Centralized or Decentralized? Consolidated or Unconsolidated? If you ask any sourcing professional the best route in organizing their company’s supply base and achieving cost savings, the most common response to these two questions is centralize and consolidate…as much as possible. But if you ask the question: “Coupled or Decoupled?”, these terms may not be all too familiar to a sourcing professional, unless they oversee the marketing spend category.

Most of the time, centralizing your supply base and consolidating wherever possible delivers the most benefits for your organization in the form of cost reduction and easier supplier relationship management. However, this approach might not make sense for certain spend categories you find yourself managing and there may be other objectives you need to keep in mind. If you are responsible for overseeing the marketing spend category, you may be asked by your stakeholders to decouple an agency relationship or two or at least explore the option given some recent trends in the industry. Well, what does decoupling mean exactly? And why would this approach make sense?

Decoupling is when an advertiser chooses to separate the production of a creative concept or idea from the actual development of the idea (and strategy behind it). The term can also apply when you are referring to the separation of media buying from creative. Traditionally, agencies have been viewed as a one-stop shop for developing and executing marketing campaigns, meaning they are responsible for the development of ideas, bringing these ideas to life through production (e.g. print, broadcast, digital), and then sharing these ideas with the end consumer through media platforms. Some traditional agencies are now only being asked to come up with the core idea and then this deliverable is passed off to production agencies, bringing rise to production houses focused strictly on one thing – you guessed it, production; and since this is their one and only core competency, they are able to deliver faster turnarounds, lower costs, strong expertise and reliability.

There is an ongoing debate about decoupling and whether or not it is the right strategy to employ. Decoupling may not make sense for every advertiser, and in fact, many still argue that media and creative should not be separated, which is a very common practice these days. Others say that the strategy makes sense, but only for digital media and digital creative projects. The reality is, the optimal solution depends on a company’s overarching marketing strategy and internal resources. Typically, if there is a great deal of production work required for certain marketing tactics within your brand’s campaign, decoupling may be a good sourcing strategy to consider. If the scope of a project is small, a single agency may be able to deliver and deliver effectively on every core competency needed to run a comprehensive campaign from start to finish. The decision to decouple depends on the makeup of your current agency network and how well they support your brand. Sometimes it does not make sense to disrupt the current state if relationships are healthy and ROI is high.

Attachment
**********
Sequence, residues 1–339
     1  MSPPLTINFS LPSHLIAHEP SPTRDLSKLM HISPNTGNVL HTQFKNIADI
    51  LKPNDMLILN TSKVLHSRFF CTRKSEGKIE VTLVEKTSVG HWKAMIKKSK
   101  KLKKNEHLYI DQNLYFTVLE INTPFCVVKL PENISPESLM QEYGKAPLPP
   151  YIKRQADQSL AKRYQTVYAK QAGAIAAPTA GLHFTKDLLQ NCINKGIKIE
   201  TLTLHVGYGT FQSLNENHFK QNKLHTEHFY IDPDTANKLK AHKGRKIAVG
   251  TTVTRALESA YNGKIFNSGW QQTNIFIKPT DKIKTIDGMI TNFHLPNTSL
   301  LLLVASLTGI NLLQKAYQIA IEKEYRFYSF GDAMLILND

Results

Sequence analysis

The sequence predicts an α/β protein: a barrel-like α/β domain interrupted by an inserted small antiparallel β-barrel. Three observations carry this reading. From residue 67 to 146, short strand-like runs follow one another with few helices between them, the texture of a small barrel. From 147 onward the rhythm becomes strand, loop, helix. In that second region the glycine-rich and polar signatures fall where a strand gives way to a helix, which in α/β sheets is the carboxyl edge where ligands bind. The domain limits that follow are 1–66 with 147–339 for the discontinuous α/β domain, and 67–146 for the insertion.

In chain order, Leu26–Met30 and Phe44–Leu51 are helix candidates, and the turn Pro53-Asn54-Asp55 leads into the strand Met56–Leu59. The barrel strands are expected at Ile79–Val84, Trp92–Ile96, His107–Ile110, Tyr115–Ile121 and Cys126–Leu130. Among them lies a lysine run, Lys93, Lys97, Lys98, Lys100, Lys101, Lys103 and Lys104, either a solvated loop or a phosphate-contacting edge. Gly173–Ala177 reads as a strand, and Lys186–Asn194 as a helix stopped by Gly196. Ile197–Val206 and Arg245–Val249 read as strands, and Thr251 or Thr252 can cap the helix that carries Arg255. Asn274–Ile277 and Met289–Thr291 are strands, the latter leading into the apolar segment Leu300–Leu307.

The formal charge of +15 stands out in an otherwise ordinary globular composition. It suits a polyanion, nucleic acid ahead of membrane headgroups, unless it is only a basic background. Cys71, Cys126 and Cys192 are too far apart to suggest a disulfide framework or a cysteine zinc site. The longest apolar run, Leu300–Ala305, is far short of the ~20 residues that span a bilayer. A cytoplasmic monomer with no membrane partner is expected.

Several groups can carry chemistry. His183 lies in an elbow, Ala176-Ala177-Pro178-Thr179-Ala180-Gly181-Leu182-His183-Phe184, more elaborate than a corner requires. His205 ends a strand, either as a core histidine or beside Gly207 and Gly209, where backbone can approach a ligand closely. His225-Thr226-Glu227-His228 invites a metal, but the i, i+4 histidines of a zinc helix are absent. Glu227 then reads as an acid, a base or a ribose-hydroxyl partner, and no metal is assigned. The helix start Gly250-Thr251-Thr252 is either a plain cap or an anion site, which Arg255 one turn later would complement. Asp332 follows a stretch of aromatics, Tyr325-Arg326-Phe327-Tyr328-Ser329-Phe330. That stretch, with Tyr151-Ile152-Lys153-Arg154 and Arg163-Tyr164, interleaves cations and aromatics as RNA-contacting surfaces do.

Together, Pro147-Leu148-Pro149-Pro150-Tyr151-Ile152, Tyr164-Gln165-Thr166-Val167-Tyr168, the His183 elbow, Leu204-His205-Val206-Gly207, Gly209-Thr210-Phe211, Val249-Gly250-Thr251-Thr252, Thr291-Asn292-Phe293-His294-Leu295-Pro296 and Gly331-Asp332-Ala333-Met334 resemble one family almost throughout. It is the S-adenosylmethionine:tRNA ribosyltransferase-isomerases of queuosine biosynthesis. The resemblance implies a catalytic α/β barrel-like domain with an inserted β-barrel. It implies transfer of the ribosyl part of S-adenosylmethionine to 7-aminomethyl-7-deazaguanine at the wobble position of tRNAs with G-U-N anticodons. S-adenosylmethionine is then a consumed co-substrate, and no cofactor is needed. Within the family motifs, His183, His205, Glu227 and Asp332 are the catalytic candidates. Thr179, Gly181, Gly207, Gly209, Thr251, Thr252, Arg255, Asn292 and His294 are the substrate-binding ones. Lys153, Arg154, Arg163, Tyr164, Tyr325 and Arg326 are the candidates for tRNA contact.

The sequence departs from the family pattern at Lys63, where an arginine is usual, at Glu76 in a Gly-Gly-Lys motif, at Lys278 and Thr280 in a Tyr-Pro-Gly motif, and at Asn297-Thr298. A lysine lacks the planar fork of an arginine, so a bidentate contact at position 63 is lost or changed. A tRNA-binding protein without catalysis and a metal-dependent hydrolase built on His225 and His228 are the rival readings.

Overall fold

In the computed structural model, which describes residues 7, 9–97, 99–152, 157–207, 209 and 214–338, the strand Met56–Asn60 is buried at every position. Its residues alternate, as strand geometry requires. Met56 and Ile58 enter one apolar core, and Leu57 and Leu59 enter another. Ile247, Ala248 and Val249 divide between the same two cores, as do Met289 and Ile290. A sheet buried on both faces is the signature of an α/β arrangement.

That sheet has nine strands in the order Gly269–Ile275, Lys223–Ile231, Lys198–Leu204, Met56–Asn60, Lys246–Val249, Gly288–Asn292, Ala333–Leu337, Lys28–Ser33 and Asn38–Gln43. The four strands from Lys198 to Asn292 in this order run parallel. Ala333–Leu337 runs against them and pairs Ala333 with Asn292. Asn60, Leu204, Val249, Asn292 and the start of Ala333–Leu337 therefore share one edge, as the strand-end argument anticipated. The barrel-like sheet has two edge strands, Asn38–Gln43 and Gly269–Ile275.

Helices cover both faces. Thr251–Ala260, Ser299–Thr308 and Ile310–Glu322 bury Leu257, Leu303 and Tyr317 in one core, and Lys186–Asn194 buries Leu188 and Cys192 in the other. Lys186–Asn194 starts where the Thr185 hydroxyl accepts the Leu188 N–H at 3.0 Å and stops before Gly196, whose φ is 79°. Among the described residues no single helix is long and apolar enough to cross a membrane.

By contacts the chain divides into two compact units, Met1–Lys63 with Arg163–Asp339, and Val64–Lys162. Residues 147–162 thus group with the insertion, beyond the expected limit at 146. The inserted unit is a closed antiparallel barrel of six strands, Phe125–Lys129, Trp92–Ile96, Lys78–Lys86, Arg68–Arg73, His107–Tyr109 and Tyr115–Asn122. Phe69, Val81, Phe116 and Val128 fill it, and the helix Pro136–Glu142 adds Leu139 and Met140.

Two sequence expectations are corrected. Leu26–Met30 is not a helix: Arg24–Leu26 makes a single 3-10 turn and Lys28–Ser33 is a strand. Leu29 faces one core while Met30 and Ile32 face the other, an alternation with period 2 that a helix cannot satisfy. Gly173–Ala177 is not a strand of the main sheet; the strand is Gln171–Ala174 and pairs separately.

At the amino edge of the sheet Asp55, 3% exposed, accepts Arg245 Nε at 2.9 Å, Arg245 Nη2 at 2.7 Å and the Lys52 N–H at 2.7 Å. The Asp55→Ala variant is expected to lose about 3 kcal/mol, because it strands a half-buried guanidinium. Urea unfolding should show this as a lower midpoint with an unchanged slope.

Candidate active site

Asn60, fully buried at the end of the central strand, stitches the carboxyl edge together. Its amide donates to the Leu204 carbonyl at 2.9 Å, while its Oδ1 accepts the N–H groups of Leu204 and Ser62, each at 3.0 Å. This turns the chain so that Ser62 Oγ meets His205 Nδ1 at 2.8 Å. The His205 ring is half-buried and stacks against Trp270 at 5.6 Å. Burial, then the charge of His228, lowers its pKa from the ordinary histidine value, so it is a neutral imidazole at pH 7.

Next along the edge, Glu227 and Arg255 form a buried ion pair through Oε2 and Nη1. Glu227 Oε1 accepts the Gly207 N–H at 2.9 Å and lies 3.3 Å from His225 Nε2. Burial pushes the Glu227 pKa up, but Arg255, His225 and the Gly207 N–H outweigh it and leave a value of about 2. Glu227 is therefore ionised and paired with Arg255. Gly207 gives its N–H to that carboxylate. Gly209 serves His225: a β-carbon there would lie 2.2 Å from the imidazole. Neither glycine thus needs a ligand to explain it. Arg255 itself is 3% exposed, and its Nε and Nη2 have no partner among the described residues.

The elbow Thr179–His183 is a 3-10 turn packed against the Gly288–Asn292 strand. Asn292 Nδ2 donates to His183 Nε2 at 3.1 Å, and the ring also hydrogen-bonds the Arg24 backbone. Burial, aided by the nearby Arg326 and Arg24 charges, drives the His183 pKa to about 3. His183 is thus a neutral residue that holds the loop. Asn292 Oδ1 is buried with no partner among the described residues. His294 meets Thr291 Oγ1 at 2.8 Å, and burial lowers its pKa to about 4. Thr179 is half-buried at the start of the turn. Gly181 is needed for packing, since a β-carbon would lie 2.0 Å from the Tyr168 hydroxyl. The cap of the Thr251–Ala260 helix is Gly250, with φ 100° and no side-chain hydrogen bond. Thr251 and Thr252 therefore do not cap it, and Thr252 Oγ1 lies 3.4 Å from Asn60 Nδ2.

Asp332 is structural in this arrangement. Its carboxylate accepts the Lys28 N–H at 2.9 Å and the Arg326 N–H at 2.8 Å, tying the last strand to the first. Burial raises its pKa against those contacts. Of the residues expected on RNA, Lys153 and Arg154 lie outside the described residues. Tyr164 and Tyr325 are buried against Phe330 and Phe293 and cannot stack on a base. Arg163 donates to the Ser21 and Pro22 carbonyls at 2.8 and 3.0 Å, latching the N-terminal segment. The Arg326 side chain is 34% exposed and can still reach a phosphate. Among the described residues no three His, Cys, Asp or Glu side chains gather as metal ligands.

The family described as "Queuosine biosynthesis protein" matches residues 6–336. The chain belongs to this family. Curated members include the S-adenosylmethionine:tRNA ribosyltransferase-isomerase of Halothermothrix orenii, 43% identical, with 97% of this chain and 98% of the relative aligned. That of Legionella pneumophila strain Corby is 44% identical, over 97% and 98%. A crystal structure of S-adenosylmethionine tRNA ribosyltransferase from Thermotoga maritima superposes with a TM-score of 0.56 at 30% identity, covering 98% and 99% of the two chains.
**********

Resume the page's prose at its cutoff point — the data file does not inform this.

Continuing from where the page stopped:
The topic of decoupling deserves its own blog series, so this post is the first of a few. In this series, we will be discussing all things “decoupling”, covering the following:

  • Historical and recent trends as they relate to decoupling services, specifically media and production, answering the question: How did decoupling originate as a strategy?
  • The advantages and disadvantages that the decoupling of agency services can have on your brand; key considerations before getting underway with this type of sourcing strategy
  • Scenarios where decoupling makes the most sense and which categories fit the model well; we’ll also call out some key players to consider that have sparked this trend
In our next post, we’ll provide some additional context around decoupling and why it is a topic that is growing in popularity.
Share To:

Kathleen Jordan

Post A Comment:

0 comments so far,add yours